Singer/songwriter and veteran worship leader Aaron Williams recently released his highly anticipated full-length debut, The Hope of Christ. The Worship Initiative release was produced by Williams and Alan Thomas (joan) and features 10 pop-driven live worship selections extolling the boundless grace, love and rest offered by the Savior. Williams co-penned each track, with additional songwriting contributions from Shane Barnard, Jason Ingram, Jon Egan and Benji Cowart, among others. In this TCB Exclusive, Williams reflects on his recently released album and shares about being a co-founder of Dwell.
I want to start with your project that was released about a month ago, The Hope Of Christ. Do you recall when the first seeds of this project came to you?
In some ways, this project is a culminating moment for me as a songwriter. Some of the songs have been in my back pocket for a couple of years, and the bulk of the songs came when writing for the project. But it really was interesting seeing the themes. Until I put all of the songs together in a list, and looking at them and the lyrics altogether, I didn’t see the very strong theme. It relates closely to my life story over the past few years, walking through a handful of hard things with sickness in family and losing a couple of people that I love, the ebbs and flows of life. It’s different to think about hope in Christ and to live it out in the hardest moments. As I was writing the songs through my life’s journey, the theme of the hope of Christ, which ended up being the title of one of the songs, emerged and was clear.
What inspired the title and cover art? How does this reflect the full project?
The theme inspiration came at the end. Honestly ‘The Hope Of Christ’ didn’t feel overly original, which was a struggle for me. But it felt like the right thing and summarized the whole project. And when I sat down with my friend Danny, who designed the artwork, and he was asking about the album. I took lyric samples and sent them to him, and he thought it needed to look like an old revival poster or hymnal because to him he felt these songs were time-tested. It was cool for me to hear him talk about it that way.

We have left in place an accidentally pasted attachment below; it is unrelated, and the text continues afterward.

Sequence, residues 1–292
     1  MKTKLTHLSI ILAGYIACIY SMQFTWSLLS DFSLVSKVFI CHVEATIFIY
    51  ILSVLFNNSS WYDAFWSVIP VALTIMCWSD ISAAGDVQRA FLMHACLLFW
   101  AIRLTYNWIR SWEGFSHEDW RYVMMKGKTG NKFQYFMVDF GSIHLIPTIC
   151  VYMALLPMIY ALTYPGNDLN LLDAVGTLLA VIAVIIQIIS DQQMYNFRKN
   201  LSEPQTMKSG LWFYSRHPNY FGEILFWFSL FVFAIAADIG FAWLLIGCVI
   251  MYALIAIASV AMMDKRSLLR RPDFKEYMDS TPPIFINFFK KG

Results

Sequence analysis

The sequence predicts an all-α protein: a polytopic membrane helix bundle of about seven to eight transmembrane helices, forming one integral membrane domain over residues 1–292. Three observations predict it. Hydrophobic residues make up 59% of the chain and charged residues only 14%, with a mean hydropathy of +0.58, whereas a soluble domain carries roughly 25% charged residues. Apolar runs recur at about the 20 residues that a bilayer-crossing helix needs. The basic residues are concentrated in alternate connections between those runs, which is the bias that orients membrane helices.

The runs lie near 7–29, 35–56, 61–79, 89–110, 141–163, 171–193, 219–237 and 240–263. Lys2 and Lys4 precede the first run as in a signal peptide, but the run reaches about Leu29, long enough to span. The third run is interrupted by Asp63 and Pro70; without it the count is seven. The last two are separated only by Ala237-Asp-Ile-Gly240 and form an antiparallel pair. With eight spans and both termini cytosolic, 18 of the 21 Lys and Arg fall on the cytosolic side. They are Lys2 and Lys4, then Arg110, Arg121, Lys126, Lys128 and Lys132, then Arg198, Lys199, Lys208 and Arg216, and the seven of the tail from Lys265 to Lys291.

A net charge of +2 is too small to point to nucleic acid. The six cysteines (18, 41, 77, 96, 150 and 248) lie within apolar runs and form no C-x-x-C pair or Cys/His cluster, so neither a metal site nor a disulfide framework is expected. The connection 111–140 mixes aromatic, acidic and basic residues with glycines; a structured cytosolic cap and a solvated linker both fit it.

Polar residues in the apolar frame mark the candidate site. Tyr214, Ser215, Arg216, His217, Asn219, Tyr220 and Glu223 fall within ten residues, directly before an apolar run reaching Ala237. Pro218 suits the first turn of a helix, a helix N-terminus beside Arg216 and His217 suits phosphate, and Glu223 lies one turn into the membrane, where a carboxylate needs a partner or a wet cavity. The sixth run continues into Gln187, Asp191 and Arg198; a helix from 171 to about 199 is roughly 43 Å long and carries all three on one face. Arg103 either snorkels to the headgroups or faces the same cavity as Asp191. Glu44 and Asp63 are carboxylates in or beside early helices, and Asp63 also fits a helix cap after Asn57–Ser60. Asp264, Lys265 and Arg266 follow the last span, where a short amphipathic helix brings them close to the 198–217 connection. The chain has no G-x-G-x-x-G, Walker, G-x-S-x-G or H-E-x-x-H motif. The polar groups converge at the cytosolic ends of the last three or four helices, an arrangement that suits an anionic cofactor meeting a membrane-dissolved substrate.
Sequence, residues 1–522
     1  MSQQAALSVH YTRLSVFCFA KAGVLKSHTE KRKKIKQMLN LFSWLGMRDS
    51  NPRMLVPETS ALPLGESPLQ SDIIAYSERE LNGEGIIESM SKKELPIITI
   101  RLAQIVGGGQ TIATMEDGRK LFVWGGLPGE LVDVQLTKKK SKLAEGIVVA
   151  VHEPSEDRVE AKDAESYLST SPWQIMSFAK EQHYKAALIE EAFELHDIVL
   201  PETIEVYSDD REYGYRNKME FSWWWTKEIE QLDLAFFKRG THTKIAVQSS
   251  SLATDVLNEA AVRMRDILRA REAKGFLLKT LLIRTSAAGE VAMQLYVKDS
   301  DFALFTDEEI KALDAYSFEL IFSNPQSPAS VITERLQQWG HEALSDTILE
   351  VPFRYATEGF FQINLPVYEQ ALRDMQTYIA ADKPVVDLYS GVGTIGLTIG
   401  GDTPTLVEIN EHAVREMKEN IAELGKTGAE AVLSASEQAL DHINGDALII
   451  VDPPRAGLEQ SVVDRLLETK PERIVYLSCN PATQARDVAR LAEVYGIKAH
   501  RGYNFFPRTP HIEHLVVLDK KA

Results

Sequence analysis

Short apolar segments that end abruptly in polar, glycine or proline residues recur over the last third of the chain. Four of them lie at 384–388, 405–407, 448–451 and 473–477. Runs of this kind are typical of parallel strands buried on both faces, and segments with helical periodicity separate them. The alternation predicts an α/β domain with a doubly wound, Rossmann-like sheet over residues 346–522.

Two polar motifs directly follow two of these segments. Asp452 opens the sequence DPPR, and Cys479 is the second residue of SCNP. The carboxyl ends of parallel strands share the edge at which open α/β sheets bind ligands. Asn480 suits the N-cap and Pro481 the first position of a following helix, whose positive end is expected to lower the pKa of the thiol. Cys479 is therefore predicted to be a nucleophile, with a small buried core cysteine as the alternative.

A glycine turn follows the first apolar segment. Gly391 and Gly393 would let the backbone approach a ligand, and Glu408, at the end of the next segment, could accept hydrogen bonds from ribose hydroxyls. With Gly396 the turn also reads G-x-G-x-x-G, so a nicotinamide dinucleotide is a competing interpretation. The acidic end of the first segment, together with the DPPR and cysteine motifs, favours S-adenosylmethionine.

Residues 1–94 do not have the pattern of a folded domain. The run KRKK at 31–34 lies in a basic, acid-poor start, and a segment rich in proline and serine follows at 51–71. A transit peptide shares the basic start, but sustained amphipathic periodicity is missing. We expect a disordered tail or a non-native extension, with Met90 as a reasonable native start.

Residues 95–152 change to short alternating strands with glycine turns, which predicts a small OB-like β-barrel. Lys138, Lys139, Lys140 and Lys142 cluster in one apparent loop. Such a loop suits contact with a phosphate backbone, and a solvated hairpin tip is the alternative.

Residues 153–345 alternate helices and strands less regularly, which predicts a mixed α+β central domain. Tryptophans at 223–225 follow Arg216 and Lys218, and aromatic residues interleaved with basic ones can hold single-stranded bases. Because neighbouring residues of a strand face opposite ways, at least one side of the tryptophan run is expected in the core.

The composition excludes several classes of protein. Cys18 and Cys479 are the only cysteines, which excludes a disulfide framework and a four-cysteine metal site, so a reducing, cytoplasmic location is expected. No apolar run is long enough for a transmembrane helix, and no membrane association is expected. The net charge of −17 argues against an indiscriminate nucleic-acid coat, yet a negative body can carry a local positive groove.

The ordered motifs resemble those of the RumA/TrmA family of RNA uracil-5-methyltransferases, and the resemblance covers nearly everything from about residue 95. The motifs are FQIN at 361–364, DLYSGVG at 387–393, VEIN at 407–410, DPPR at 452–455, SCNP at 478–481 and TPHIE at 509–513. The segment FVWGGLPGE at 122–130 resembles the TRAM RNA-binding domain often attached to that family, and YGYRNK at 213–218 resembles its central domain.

Is there a lyric that means something different to you now than when you first encountered it?
“Abide” is my biggest song at this point in my career. I wrote it about two years ago, and the huge shift with the song is that it was first an acoustic, personal song. And I thought that was all that it was, just for me and my journey. And about six or eight months later I was in a songwriters song share night and my cowriter on it, Aaron Keyes, told me that I was going to play “Abide.” My song was toward the end of the night and immediately when I started singing the verse, everyone started singing with me. And by the time the end of the first chorus was over, it was real apparent that something special was happening. After singing it, I realized the song wasn’t just for me. My resolve at the end of the night was that I was going to record the song, and it just happened to line up with the calendar that it released during COVID. And I think a lot of people were feeling the need for abiding. We were in isolation, but isolation and abiding aren’t the same thing. You can be alone and present to God. So there was something about people feeling that and the deeper call of learning to remain, that the song has now become my most widely sung song. What I thought was a singer/songwriter song has turned into more of a corporate anthem.